2020 was a notably awful year for the healthcare industry in terms of ransomware attacks. Fortune 500 healthcare system Universal Health Services (UHS) based in King of Prussia, PA suffered one of the worst ransomware attacks.
UHS, which manages 400 hospitals and behavioral health centers in the United Kingdom and the United States, encountered a cyberattack last September 2020 that damaged all of its IT solutions, impacting all the hospitals and healthcare centers it manages throughout the nation.
The telephone system was not available including access to computers and electronic health records. Because of this, staff had to use pen and paper to log patient data. In the hours immediately following the attack, the health system redirected ambulances to other facilities, and a few elective operations were either delayed or redirected to competitors. Patients noted getting test results later during the time UHS is recovering from the ransomware attack.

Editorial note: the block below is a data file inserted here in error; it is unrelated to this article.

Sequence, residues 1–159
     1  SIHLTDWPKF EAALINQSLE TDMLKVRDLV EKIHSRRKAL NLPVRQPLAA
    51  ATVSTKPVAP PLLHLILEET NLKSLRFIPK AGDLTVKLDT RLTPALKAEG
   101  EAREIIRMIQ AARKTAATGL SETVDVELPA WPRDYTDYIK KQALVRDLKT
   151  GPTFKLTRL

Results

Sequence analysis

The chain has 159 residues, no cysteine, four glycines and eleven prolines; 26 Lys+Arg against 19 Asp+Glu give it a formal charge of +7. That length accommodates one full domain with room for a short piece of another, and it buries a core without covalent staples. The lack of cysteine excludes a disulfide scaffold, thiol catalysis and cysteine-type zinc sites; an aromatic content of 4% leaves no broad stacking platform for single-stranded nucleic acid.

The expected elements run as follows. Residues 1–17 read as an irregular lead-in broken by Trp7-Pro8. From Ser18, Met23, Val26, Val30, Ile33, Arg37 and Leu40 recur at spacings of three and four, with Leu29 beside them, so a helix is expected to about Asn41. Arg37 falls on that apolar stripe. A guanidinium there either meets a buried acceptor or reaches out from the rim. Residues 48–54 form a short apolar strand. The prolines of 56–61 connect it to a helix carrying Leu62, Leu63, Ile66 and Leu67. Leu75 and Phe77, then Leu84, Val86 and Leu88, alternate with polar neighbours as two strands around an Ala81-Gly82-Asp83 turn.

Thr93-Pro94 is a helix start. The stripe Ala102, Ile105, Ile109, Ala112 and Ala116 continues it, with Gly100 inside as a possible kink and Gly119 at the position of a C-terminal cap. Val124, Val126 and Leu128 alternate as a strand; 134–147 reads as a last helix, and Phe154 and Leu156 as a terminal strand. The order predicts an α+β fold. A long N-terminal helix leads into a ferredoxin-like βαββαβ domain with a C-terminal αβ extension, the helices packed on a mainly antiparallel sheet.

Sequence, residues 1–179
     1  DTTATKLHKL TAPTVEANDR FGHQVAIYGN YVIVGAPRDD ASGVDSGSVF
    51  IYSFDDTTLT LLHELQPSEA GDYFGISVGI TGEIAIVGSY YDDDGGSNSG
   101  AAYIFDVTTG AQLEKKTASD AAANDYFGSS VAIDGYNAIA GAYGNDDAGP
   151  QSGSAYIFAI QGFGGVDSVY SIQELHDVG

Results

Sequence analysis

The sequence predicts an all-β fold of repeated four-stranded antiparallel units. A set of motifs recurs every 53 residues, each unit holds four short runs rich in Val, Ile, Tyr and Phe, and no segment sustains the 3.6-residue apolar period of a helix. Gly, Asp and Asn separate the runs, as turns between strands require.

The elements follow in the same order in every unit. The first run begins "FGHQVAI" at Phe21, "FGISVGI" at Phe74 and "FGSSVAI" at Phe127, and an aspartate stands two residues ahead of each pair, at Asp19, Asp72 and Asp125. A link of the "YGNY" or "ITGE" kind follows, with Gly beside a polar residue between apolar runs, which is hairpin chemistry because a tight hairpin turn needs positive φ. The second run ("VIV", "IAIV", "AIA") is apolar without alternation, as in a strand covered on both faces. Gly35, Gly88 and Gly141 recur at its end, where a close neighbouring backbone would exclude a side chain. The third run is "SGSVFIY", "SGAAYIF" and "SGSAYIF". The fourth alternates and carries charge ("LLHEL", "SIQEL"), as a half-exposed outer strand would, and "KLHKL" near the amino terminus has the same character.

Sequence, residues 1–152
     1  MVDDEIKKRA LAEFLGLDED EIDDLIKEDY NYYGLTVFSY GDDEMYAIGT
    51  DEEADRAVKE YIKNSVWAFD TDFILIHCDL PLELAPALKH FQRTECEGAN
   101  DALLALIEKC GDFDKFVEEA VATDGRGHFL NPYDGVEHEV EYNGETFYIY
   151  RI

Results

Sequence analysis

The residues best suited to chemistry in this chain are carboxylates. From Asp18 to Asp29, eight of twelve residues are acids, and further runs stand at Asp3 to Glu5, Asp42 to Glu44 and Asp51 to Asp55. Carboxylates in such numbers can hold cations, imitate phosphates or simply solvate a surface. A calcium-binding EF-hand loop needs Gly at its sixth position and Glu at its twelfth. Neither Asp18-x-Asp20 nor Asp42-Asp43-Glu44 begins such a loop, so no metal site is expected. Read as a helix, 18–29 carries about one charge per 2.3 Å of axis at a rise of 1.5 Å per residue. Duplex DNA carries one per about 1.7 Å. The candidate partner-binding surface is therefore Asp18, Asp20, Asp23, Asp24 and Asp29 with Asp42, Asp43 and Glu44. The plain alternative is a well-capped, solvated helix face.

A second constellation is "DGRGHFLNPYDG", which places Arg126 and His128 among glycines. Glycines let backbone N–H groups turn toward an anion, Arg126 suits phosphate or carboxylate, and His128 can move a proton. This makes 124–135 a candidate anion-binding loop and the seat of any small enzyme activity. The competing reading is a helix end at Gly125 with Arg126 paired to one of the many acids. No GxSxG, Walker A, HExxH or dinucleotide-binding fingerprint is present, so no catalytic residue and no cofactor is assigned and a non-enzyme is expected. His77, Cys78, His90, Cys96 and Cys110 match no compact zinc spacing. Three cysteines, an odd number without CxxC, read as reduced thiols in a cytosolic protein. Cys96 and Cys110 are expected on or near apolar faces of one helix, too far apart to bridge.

UHS worked quickly to recover its information technology system after the ransomware attack and worked 24 / 7 to get back to regular business operations; nevertheless, the recovery time took about 3 weeks. The interruption obviously had a big effect financially, as the UHS’ 2020 quarter 4 revenue report showed $42.1 million in deficits, which equaled to 49 cents for every diluted share. UHS finished the quarter having $308.7 million in profits, increasing by 6.6% from Q4 of 2019.
Reestablishing its IT infrastructure contributed to a considerable increase in labor expenses, both within and without the company. Cash flows were likewise impacted as selected admin functions like coding and billing were overdue up to December 2020.
UHS has submitted reports of total pre-tax losses amounting to about $67 million in 2020 because of the ransomware attack, mainly because of the reduction of operating revenue, decrease in patient activity, and higher revenue reserves due to delayed billings. UHS is convinced it is eligible to retrieve most of the $67 million in insurance coverage.